Article

08/24/2018

“If you’re Head of Learning & Development and not part of the management team - it’s time to look for a new employer!”

Global EdTech investments reached new records in the first half of 2018. We spoke with Jannie Jeppesen, the CEO at the Swedish Edtech Industry, about the growing interest in EdTech, how it affects businesses and organisations and how they can utilize on EdTech to future proof their business.

Jannie Jeppesen

Jannie Jeppesen, CEO of Swedish Edtech Industry representing over 75 edtech companies in Sweden.

What are the reasons behind the fast growing interest in EdTech? 

Investments don't happen if there isn’t a need for it. There are several reasons behind this: demography, globalisation, technological development and competence re-adjustments. The global population grows by 200,000 people each day and with an increased level of education worldwide contributes to more than 40 percent of the financial market growth. Globalisation put pressure on us to stay competitive and the need for up skilling and developing work force skills are also drivers of growth. As other countries are able to offer the same products or services as we do for a lower cost, we need to distinguish ourselves differently to stay competitive. With technology comes new competence requirements. Robots and automation may take over certain tasks, but these changes also create requirements for new skills, such as learning how to leverage this technology or how to program the robots and automation processes. These changes trigger a change in workforce skills. Previously, adding new skills to existing competences was enough to stay relevant, but now it may require a total change of skills sets. 

How do you create a winning Learning & Development strategy in businesses? 

The executive board must understand that it is business critical to work with learning. More and more companies realise the importance of focusing on Learning and hiring a Head of Learning & Development to ensure that the organisation constantly learns and develops. Learning & Development must have a place in the board! If you're in Learning & Development and not part of the management team it’s time to look for a new employer! This is a management question which must be prioritized and understood by the owners, board and management. Connect learning and what you want to achieve with the change in learning with hard figures. How does developing soft skills contribute to business critical numbers? How do you get ROI?

Digitalization provide a possibility to move past time and space, follow up and keep track of progress on an individual as well as company level. Where you are today and tomorrow, but it’s not the whole solution. Learning is not a quick fix, it’s a process and tools need to be part of that process. The overall purpose and structure for learning must be defined by management in the business plan!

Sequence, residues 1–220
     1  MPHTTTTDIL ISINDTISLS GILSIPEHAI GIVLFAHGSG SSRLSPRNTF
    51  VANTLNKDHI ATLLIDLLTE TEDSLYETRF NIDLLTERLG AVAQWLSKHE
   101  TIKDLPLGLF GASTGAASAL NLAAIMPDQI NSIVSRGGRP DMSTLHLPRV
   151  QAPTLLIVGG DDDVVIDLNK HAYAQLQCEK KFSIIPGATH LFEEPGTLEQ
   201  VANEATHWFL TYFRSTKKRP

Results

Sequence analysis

Another key to leverage online learning is to allow time for it. The CEO at AT&T said “ People who don't spend 5 hours a week online learning will make themselves obsolete.” That shows an understanding of the importance of continuous learning.  Google employees use the 70/20/10 model, which means spending 70 percent of their time on their core competency, 20 percent on related projects, and 10 percent learning new skills and working on side projects. This plays an important role when developing new business areas.

Involving co-workers, leveraging their competence and interests, and identifying their drivers lead to enhanced engagement and might also open up for new specialities or combinations of competences you hadn’t thought of. An engineer interested in learning more about marketing, for example, might be a winning combination!

“People who don't spend 5 hours a week online learning will make themselves obsolete.”

What do companies gain from engaging in L&D?

Future proofing their existence. Customized education on individual and company level that has a strong connection to the business plan, in combination with an organizational structure, learning culture and software drives business development.

What impact do these changes have for companies and organisations? 

On a company level it is business critical. We are moving towards being service providers, and if you haven't got the the right competence you don't have anything to sell. We are our competence. We need to have companies, organisations and missions that constantly develop, innovate, develop and dismantle.  We need to cooperate with technology in order to understand and use it in optimal ways. To succeed, we need to create a learning organisation and encourage innovation, creativity and collaboration between competences in teams and with robots.

There is an increased demand in specialisation, and with that comes collaboration. Take doctors performing heart surgery as one example. Today, surgeries are to a big extent done with robots. While  the doctor is specialised in the heart, (s)he needs to collaborate closely with the engineer to perform the best surgery. We need to collaborate more across the specialist areas.

Competence development used to only be about adding new knowledge, what we see now is also a transformation. We could hear SEB speak in Almedalen about how bank services are different today. A banks top competences used to be economists and engineers, now they require user experience designers instead. Attracting new competences means new demands. Going back to the example with SEB, to attract engineers and economists a high salary was key, attracting the best user experience designers means something else. They are driven by different things like having a creative work environment, work in teams and have a meaning with their job.

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